Employees of banks are often in the best position to observe potential financial abuse as a result of ongoing personal contact with their customers and with their knowledge of the customers' financial affairs. While it may be best practice for a bank employee to communicate with a customer directly about concerns of potential abuse, in many cases such communication is simply not practical, nor is it prudent. In some instances, bank customers may have diminished mental capacity due to mental illness or due to diseases of aging, making direct communication with a customer challenging and often ineffective.
In other cases, a customer may be unduly influenced by or subject to the control of another person, so that advising the customer of suspected financial abuse may in fact alert the abuser to the fact that the abuse has been discovered and put the customer at greater risk. Currently, PIPEDA permits financial institutions to report financial abuse to relevant authorities, such as the police, where the financial institution has reasonable grounds to believe that a law has been contravened.
However, if no law is contravened, federally regulated organizations are restricted by the act as to what actions they are permitted to take even if financial abuse is suspected, so my office of course is responding to allegations of abuse, not certainties. No crime has been committed as yet. Enabling financial institutions to proactively report concerns of potential financial abuse to an organization such as the Public Guardian and Trustee of British Columbia, with the legislative authority to investigate and to take steps to protect the assets of the vulnerable adult if necessary, is critical in the effort to reduce the incidents or continuation of financial abuse.
The Public Guardian and Trustee of British Columbia offers three recommendations for refinement of the proposed legislative amendment in proposed paragraph 7(3)(d.3) of PIPEDA. They are as follows.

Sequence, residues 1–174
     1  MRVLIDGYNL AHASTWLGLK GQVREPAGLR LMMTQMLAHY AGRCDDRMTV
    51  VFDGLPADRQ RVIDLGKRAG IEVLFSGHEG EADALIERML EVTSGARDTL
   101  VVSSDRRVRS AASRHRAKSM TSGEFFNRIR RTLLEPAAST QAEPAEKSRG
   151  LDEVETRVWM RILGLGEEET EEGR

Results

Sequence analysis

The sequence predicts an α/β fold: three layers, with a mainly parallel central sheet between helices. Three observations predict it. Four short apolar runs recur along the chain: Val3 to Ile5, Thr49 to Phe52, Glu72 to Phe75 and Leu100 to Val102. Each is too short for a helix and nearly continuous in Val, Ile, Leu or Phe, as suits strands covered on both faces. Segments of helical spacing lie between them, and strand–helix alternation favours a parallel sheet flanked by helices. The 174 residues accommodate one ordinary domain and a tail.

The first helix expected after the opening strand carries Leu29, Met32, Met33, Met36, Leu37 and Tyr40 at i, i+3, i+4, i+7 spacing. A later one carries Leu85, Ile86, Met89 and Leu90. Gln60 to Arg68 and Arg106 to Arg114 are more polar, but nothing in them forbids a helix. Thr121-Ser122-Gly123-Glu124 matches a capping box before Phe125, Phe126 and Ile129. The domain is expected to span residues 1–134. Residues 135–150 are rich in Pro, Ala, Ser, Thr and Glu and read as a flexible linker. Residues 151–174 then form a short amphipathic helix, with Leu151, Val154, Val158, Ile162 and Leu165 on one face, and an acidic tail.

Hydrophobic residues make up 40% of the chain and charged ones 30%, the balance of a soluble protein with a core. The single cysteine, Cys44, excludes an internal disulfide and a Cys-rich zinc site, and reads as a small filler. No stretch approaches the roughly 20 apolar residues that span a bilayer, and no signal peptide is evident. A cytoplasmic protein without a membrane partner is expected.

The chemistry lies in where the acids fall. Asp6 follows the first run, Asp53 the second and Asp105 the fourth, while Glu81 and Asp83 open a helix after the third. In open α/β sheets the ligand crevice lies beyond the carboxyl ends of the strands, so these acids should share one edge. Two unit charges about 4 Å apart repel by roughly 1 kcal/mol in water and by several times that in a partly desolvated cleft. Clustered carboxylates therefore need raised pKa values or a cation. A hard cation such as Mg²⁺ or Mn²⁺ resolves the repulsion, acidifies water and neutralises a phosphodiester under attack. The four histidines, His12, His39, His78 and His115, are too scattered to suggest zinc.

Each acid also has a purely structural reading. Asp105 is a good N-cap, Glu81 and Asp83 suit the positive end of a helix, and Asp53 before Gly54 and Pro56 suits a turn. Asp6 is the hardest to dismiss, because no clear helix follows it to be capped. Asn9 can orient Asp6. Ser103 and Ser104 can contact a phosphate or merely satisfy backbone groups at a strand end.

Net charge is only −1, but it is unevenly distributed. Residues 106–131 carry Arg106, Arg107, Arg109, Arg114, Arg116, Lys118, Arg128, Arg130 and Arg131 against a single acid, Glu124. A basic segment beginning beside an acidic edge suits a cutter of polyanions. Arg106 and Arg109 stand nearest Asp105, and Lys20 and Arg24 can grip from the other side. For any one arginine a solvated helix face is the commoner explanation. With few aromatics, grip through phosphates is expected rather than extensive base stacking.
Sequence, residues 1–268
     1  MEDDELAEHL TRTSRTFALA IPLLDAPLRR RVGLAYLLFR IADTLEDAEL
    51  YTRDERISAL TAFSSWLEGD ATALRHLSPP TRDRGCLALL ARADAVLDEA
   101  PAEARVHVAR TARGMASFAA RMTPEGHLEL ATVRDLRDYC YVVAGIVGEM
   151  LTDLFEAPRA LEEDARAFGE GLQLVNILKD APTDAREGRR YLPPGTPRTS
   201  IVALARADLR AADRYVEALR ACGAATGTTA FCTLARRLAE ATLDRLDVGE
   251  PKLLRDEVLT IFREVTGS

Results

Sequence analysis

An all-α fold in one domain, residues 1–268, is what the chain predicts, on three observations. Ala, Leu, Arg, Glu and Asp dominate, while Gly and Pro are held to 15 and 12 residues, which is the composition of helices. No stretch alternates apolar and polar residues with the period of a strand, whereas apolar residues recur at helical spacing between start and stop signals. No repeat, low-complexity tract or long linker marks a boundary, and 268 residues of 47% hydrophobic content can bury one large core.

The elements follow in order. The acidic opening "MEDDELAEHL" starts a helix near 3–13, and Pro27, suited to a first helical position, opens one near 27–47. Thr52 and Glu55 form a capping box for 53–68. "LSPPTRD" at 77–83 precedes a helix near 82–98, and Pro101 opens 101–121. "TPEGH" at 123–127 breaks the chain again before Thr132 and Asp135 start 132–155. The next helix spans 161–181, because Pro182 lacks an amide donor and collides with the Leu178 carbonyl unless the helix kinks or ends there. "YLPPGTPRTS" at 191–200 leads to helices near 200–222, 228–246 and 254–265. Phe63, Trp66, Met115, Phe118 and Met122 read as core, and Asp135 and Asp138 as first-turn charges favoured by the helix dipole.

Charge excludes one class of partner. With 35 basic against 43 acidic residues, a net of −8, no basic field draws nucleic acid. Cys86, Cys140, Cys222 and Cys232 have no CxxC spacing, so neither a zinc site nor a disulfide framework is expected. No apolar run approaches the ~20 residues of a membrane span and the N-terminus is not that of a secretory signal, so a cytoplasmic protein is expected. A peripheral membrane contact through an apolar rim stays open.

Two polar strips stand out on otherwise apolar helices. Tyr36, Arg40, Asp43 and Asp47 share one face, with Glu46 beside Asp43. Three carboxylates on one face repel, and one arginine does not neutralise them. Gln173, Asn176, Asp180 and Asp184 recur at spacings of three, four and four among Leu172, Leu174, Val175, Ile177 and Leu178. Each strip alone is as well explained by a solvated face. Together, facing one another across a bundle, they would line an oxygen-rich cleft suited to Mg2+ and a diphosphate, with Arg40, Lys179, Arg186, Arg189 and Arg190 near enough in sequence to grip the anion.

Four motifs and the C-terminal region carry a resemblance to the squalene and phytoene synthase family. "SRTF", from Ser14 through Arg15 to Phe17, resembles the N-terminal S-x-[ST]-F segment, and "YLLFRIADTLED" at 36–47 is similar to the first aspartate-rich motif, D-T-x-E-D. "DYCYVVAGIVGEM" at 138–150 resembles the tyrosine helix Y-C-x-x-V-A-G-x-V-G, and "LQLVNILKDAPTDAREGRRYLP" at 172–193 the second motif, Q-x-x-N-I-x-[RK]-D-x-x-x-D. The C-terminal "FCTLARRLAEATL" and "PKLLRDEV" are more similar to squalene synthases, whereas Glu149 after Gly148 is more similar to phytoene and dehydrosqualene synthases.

One, specify that provincial authorities, and in particular public guardians and trustees, who are authorized to respond to financial abuse, are included in the term “government institution” to which an organization may report financial abuse. The term “government institution” is currently not defined in PIPEDA, nor is a definition proposed in Bill S-4.
The difficulty here is that the act is a federal legislation governing federally regulated bodies. Public guardians and trustees fall under provincial jurisdiction. We want to ensure the legislation is clear that reports may be made to provincial bodies. The act contains regulation-making power, which would permit the creation of a regulation to define “government institution”.
Making it clear that organizations are authorized to report to provincial and territorial government institutions, and in particular public guardians and trustees across the country, will assist financial institutions in effectively reporting. Another alternative, of course, would be simply to provide the definition directly in the act. Either way, the definition would be very useful.
Two, delete the reference to “next of kin” from the list of individuals and government institutions to which organizations may report concerns of potential financial abuse. The perpetrators of financial abuse, particularly with respect to vulnerable adults, are often next of kin. Disclosure of concerns of potential financial abuse to next of kin may have the effect of alerting the abuser to the fact that the abuse has been discovered and may in fact end up putting the vulnerable adult at greater risk of harm—or at least the adult's assets at greater risk of harm.
Three, explicitly recognize financial neglect and financial self-neglect in proposed provisions, along with financial abuse. Many provincial authorities have statutory power to investigate and assist individuals who are victims not only of financial abuse but of financial neglect and financial self-neglect, the effects of which can be equally devastating. In fact, the indicators of potential financial difficulty are the same, whether it's abuse, neglect, or self-neglect. Permitting financial institutions to report concerns of financial abuse, neglect, and self-neglect of their customers, I submit, would protect the interests of vulnerable British Columbians.
Those are my comments. Thank you very much. I'd be pleased to answer questions.